No housing benefit but what if they need it during tenancy?

by Readers Question

9:22 AM, 10th March 2020
About 7 months ago

No housing benefit but what if they need it during tenancy?

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No housing benefit but what if they need it during tenancy?

We do not accept housing benefit and always make sure that tenants are working. We also put on our lease that Housing benefit is not accepted and that if the tenant needs to claim it, we will have to give them 2 months notice.

Is this OK, as the tenant is fully aware at the outset that we do not accept housing benefit and they have signed the lease, fully aware of this condition.

Thanks for your advice.

PS We do not mention housing benefit on our advertisement, in case that is now seen as discriminatory.

Highland Lass


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Comments

Neil Patterson

9:28 AM, 10th March 2020
About 7 months ago

Shelter are encouraging tenants to take landlords and estate agents to court for discrimination who advertise no DSS based on the majority of claimants being female or single mothers.

Adding this to your AST may still cause a claim at a later point.

I am assuming you mean give two months noticed after the fixed term period?

The Forever Tenant

10:12 AM, 10th March 2020
About 7 months ago

I think this is one of those times that you need to consider the optics and the tenant themselves.

Have they been a good tenant up until now, have they been with you for a decent period of time and always paid on time? Are they now claiming housing benefit because they recently got made redundant? Are they looking for more work?

To have someone say to you "Sorry you lost your job, by the way now you are losing the roof over your head" is the kind of story that the media would love to use to show how bad landlords are.

To simply say "you are on benefits, now get out" is not a blanket statement that you should be considering in my view.

LordOf TheManor

11:13 AM, 10th March 2020
About 7 months ago

Why not purchase Rent Guarantee Insurance? That should contain the situation you fear - provided you have fulfilled all the insurance requirements before any new tenancy begins. It's not a huge undertaking at all!

Robert Mellors

11:32 AM, 10th March 2020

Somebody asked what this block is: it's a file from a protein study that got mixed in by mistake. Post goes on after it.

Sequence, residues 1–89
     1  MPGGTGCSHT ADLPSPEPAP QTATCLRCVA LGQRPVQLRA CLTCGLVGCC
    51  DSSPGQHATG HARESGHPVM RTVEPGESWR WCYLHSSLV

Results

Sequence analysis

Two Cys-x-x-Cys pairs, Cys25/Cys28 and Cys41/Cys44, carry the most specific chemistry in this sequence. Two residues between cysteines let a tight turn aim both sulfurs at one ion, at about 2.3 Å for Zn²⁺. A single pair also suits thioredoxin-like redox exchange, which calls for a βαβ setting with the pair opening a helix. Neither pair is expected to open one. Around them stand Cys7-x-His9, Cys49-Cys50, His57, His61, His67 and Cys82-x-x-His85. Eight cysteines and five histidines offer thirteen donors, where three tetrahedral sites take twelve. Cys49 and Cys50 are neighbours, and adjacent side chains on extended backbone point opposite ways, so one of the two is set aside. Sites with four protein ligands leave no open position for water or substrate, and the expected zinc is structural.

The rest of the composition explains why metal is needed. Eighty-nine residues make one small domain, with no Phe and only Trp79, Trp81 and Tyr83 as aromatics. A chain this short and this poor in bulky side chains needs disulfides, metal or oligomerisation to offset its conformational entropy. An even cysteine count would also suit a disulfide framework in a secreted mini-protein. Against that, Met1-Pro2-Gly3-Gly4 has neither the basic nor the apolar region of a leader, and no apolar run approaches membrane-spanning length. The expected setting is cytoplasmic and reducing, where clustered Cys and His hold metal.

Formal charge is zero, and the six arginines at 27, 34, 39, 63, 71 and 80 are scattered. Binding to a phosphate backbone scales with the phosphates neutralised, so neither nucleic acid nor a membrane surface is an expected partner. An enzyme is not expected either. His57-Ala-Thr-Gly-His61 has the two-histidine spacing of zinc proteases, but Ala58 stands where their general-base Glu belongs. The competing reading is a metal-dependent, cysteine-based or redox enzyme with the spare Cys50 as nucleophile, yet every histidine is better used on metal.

About 7 months ago

New claimants are extremely unlikely to get Housing Benefit, instead they will have to claim Universal Credit, and the "housing element" of UC will be paid direct to the tenant. (There are a few exceptions, but these are not likely to apply to most tenants of private landlords).

Rather than a "no Housing Benefit" clause, why not take out Rent Guarantee Insurance, and also have an affordability clause, which then enables people in receipt of benefits to prove to you that the rent is still affordable to them based on their individual circumstances. It would also be advisable to get a Rent Guarantor for any new tenant, so that if the worst comes to the worst, you can ask the Rent Guarantor to pay the rent (or any debt).

Julie Ford

12:36 PM, 10th March 2020
About 7 months ago

As the other replies have said, there is more to this situation than just a blanket ban on those in receipt of benefits.
If you have had your tenant for 5yrs, they keep the property in good nick, they don’t bother you with petty maintenance issues, have paid the rent and are friendly with the neighbours.
Why would you serve notice if their source of income changes?
Also with UC, how would you know the tenant now gets benefits?
I’m struggling to see the logic in the original post.
What if said tenant is on UC but between jobs and by the time the S21 expires they have a job again
Personally as a tenant I would not want to continue with a landlord like that and would be looking to move ASAP.
Remember that being a landlord is a business and tenants are your customers. Businesses work with their customers not against them

Highland Lass McG

13:11 PM, 10th March 2020
About 7 months ago

Reply to the comment left by Robert Mellors at 10/03/2020 - 11:32
Hi Robert.